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Book review: 'Half a King (Shattered Sea)' by Joe Abercrombie

Abercrombie’s newest book demonstrates again that he’s the antidote to George R.R. Martin. “Half a King” skips the politics and world-building to tell a straight-ahead sword and sorcery tale.
Jim Basile, For The Oklahoman Modified: July 5, 2014 at 11:29 pm •  Published: July 6, 2014
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“Half a King (Shattered Sea)” by Joe Abercrombie (Del Rey, 352 pages, in stores July 15)

Who says violence doesn’t solve anything?

For years, the sword-and-sorcery genre got stuck chasing its own tail. Most authors sought to usurp the master — J.R.R. Tolkien — and in the process turned fantasy into a lethargic beast barely able to move under the burden of excessive world-building and political maneuverings so convoluted they would leave Machiavelli scratching his head.

And then along came Joe Abercrombie, pen in one hand, sword in the other, to lay bare the throat of the beast and expose the underlying flesh and blood.

“Half a King,” the first book in a new trilogy, is the story of Prince Yarvi. His deformed hand has marked him as a less-than-ideal heir. His own father, the king, considers him to be half a man, so the prince is ushered into studying for the ministry. Once he joins, he will no longer be a member of the royal household, and no longer an embarrassment.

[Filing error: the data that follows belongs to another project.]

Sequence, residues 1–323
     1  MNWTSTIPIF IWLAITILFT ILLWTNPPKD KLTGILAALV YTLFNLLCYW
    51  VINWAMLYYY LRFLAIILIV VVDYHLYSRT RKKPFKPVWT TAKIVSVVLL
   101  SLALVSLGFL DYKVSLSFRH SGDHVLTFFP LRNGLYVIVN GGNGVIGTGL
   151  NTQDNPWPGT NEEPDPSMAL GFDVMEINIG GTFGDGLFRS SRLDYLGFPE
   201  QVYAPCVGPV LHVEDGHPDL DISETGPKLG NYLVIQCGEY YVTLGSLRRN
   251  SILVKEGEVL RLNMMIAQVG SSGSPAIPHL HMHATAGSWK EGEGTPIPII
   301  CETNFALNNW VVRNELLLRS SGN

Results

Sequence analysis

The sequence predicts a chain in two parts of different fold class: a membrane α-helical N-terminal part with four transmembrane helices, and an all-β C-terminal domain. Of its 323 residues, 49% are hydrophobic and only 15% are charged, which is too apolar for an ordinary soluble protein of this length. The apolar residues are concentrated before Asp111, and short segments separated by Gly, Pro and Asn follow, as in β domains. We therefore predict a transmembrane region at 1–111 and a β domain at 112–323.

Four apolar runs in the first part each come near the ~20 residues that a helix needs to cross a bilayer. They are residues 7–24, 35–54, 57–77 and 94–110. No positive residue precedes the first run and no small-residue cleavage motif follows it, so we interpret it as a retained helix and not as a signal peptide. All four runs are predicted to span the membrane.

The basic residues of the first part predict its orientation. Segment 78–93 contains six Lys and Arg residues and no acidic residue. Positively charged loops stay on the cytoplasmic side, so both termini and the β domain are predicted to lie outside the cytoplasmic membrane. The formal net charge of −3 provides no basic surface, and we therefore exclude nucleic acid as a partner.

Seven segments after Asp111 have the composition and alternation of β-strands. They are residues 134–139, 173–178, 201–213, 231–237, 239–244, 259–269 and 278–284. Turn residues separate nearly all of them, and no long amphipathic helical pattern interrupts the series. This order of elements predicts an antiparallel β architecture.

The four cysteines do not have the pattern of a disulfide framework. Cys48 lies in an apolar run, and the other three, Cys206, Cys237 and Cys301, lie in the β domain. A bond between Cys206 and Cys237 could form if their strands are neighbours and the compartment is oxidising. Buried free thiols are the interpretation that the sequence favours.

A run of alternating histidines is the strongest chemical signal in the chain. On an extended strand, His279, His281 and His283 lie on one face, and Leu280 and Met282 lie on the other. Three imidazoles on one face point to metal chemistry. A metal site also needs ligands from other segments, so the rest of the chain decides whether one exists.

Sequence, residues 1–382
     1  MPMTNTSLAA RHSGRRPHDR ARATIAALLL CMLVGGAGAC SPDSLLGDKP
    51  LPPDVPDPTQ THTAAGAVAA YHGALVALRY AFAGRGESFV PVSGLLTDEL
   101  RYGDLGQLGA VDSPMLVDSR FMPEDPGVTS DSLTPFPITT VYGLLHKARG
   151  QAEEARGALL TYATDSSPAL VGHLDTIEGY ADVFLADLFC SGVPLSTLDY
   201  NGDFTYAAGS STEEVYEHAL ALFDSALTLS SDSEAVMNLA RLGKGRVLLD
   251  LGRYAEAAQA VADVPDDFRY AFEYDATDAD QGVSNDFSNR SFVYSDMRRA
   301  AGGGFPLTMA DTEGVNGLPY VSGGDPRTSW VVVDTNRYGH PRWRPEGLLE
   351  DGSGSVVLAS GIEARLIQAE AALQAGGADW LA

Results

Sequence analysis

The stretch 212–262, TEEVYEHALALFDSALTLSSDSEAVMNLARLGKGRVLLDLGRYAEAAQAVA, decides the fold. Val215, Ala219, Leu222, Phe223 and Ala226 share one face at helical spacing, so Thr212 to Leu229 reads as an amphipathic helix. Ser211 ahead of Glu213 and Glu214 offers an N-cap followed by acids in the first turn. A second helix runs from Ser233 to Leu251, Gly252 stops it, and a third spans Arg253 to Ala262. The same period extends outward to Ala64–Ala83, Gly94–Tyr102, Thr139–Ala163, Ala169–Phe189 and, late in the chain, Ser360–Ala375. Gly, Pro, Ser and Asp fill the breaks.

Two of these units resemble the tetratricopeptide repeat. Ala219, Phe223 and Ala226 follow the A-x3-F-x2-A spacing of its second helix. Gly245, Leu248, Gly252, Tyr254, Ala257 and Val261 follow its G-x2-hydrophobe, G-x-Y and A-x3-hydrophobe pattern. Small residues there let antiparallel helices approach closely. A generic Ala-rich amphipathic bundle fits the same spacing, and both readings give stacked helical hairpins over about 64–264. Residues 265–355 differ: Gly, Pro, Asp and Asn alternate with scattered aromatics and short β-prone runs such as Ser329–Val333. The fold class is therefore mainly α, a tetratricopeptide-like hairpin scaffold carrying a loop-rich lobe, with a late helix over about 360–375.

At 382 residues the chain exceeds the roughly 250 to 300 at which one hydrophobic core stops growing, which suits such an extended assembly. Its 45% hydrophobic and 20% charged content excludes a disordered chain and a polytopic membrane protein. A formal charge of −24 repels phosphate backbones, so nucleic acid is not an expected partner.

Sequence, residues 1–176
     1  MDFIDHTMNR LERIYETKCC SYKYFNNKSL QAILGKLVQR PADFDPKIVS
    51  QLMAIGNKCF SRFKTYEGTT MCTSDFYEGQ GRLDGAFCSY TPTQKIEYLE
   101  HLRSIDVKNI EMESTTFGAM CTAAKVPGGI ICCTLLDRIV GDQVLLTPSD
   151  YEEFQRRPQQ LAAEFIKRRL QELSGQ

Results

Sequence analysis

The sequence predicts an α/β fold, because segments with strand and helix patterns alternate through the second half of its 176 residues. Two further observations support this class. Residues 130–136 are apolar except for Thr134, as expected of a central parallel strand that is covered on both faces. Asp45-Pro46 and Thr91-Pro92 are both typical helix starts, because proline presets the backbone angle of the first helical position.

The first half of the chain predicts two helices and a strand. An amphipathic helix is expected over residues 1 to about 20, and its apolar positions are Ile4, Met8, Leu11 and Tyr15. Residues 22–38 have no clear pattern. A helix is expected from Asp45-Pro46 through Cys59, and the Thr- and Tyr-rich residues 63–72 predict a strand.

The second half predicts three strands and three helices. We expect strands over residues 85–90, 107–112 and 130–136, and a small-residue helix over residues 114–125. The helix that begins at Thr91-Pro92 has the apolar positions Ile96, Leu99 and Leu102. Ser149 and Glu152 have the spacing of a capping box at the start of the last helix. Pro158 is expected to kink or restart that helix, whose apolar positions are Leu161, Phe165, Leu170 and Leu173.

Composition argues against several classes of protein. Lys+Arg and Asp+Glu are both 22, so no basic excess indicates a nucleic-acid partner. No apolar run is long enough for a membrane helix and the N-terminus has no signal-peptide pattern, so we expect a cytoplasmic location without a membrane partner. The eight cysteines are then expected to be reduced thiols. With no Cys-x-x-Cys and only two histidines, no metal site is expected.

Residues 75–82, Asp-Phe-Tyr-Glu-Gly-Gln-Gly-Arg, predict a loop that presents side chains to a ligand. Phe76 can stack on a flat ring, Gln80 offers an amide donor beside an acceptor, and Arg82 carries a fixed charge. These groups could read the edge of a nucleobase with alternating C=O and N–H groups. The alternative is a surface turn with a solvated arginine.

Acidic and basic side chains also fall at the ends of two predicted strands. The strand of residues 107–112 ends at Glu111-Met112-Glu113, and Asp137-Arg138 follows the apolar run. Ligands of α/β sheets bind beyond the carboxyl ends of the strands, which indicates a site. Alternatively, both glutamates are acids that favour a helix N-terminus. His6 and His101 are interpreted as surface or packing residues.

But suddenly, through violence and bloodshed, Yarvi is catapulted into the position of king himself: ill-prepared, ill-equipped and ill-at-ease. Having sworn an oath to avenge his murdered father and brother, he undertakes a mission that turns out to be an orchestrated attempt on his life as well.

Left for dead, he is captured by slave traders and sold into service as a ship’s oarsman. His education and his quick mind enable him to become indispensable to the captain, and he is promoted to ship storekeeper — but still a slave. He has ample time to formulate his own risky plan for revenge.

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